Iraq to rebuild infrastructure through five-year plan post ISIS
More than half of the revenues Iraq obtained last year from oil sales and domestic incomes have gone outside of the country to meet internal needs, something Iraqi officials want to tackle through setting a five year long term recovery plan to rebuild the country’s infrastructure.
In coordination with the UN, the Iraqi government held a conference in Erbil to discuss the mechanisms of formulating the five-year plan in a bid to rid Iraq of the overwhelming financial burdens it has faced in the wake of the fight against ISIS and massive flows of Internally Displaced Persons (IDPs).
Explaining the long term plan Iraq is working on from Erbil, Alaadin Jaafar, an official from the Finance Ministry said “the plan sets out how Iraq could increase its incomes aside from oil revenues.”
An estimated “$350 to $400 billion” is needed during the period for the recovery plan, he detailed.
Iraq’s national and foreign debts will most likely to have exceeded $125 billion before the end of this year despite growing oil production and revenues, according to the International Monetary Fund (IMF) which offers annual projections of financial conditions across the world.
According to the predictions, the debts will land around $134 billion by the end of next year despite steady oil production. This is expected to raise the current 4,5 million barrels per day (bpd) by 10 percent to 5 billion.
The Iraqi Ministry of Planning, however, says the implementation of the plan will not be easy since earmarking $400 billion is a huge amount.
“Succeeding the plan will not be easy as billions of dollars flow out of Iraq every year,” Dr. Mahmood Daghr, Finance Manager at the Iraqi Central Bank who was an attendant of the conference, told Rudaw.“
“In last year alone, $45 billion has gone abroad for goods while the Iraqi budget was $70 billion as a whole,” he noted.
As Daghr stated, the Iraqi government’s key source of income comes from oil exports which covers 95 percent of the fiscal budget to Baghdad, but this sector is also at stake.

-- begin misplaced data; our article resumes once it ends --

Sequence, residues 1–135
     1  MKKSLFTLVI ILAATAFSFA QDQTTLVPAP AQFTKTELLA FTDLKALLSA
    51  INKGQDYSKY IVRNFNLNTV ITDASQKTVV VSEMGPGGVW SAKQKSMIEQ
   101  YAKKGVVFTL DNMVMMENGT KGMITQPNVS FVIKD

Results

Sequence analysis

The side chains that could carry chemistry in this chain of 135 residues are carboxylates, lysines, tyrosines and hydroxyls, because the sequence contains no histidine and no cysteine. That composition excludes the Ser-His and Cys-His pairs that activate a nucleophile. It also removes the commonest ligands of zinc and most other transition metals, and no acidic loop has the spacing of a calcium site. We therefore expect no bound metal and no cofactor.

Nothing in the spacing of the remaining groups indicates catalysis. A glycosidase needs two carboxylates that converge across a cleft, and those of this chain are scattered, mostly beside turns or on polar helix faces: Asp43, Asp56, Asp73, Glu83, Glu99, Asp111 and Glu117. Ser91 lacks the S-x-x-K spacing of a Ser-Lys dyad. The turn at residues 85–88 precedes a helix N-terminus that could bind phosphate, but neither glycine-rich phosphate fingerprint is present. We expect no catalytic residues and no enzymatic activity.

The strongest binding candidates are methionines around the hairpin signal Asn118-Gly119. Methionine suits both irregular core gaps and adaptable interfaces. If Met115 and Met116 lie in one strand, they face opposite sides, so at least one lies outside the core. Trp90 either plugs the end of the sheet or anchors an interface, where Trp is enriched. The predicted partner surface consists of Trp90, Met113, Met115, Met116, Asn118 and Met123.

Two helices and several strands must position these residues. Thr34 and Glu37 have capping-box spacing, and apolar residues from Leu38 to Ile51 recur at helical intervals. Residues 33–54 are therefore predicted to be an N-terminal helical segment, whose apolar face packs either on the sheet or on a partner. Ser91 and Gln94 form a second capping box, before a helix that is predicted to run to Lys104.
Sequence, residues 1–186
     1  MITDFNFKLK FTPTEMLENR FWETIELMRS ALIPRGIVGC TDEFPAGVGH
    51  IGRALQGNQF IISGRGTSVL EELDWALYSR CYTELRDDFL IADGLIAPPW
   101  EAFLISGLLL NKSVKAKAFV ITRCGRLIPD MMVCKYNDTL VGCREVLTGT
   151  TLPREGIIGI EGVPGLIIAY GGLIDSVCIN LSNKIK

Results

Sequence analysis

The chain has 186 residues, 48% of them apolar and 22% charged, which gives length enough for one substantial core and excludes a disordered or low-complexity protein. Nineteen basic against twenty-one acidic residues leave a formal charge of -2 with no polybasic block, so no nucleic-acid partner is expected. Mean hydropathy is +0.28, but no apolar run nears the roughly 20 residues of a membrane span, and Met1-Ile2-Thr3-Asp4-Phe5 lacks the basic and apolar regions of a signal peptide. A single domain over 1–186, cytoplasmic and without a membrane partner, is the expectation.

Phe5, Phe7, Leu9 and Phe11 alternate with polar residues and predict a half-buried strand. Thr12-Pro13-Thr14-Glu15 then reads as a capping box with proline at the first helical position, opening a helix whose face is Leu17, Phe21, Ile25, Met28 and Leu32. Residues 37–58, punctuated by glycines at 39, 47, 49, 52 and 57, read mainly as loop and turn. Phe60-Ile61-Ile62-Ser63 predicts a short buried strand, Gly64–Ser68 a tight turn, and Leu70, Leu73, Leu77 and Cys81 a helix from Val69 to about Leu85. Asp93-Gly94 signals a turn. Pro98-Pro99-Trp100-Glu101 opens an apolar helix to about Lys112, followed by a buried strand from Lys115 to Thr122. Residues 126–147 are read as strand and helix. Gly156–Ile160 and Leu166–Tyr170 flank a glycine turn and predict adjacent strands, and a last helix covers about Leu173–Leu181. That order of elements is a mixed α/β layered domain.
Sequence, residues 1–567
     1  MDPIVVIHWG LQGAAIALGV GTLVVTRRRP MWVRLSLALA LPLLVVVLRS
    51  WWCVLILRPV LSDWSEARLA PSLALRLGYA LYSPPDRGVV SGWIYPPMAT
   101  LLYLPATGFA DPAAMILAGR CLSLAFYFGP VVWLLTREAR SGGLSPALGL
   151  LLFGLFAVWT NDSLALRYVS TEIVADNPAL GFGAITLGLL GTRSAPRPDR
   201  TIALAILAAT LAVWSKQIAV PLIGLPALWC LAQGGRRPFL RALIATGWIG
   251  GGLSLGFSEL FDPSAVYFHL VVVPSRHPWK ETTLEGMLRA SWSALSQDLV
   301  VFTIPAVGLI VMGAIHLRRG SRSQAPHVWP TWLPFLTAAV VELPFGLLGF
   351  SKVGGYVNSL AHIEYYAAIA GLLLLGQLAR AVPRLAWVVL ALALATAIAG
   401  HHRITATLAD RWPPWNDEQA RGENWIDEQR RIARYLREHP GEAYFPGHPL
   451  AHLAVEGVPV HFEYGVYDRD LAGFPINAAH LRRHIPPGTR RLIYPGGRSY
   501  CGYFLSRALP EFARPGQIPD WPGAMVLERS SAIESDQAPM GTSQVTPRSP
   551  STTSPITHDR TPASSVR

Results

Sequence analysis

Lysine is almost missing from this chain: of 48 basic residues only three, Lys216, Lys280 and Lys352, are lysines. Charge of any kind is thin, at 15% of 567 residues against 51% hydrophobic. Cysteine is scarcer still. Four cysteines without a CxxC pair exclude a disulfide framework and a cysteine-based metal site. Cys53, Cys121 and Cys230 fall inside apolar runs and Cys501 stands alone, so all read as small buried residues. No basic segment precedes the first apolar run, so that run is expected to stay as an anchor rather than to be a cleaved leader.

The savings of the Iraqi government had reached $90 billion in 2013, but this amount has now steadily plummeted to $53 billion, he warned.
Corruption and lack of transparency are two key factors leading to worsening financial stability in Baghdad.
Another official from the Planning Ministry said “corruption and the embezzlement of the incomes of Iraq are so high, it cannot be even counted.”
Based on data his ministry has collected, he warned “corruption rate in the revenues Iraq obtains have exceeded 50 percent.”
He mentioned that the Electricity Ministry is a major victim of corruption because “until now $36 billion has been expended in this sector, but power given to the people is only between 6 to 8 hours per day. Besides embezzlement and corruption, what other explanation can you provide when a large amount of money is spent and there is no electricity.”
More dangerous than that, he warned, is employing “a group of people whose job is to just embezzle money.”
The UN is the major player in formulating the plan to boost Iraq’s economy in the post-ISIS phase.
The fight against ISIS has done Iraq great harm due to destructive urban warfare with the jihadists as some areas are partly destroyed and others completely demolished.
The Iraqi Construction and Housing Ministry revealed through data that damage caused in the once thriving cities in the northern part of the country have suffered greatly.
“Eighty percent of the cities where the fight against ISIS took place are destroyed,” said Istebraq Ibrahim, deputy minister of the Housing and Construction Ministry.
Ibrahim, who has served in the ministry for 39 years, went on to yearn that “the majority of cities are destroyed in a way that scars of destruction could be clearly noticed in every sectors of life.”
The city of Ramadi in Anbar which fell to ISIS in May 2015 until it was retaken by the Iraqi government in the beginning of 2016 has been damaged more than any other place.
The fight against ISIS has not ended, but the group is largely weakened as they continue to withdraw from areas they once controlled in Nineveh province. To rebuild the war-ravaged area, Ibrahim suggests, they need $70 billion.
The war on ISIS has not only damaged the roads, buildings and civilian houses, but also Iraq’s largest oil refineries
Ziya Jaafar. Deputy Minister of Oil, pointed out that “the loss Iraq has suffered due to ISIS in the oil sector is more than $15 billion, of which $10 billion was at Baiji refinery alone.”
Baiji refinery located in Bajji, Salahadin province is home to Iraq’s largest refinery which briefly fell to the hands of the militants.
“As part of the long term recovery plan,” Jaafar explained, Iraq aims to “increase oil exports to 7,500,000 barrels of oil per day over the next five years.”
Iraq and the Kurdistan Region have 152 billion barrels of oil which are not drilled yet.
Based on $42 a barrel, Iraq has estimated to receive around $56 billion in 2017 from oil sales, according to the country’s budget. The government has an $85 billion budget for the current year.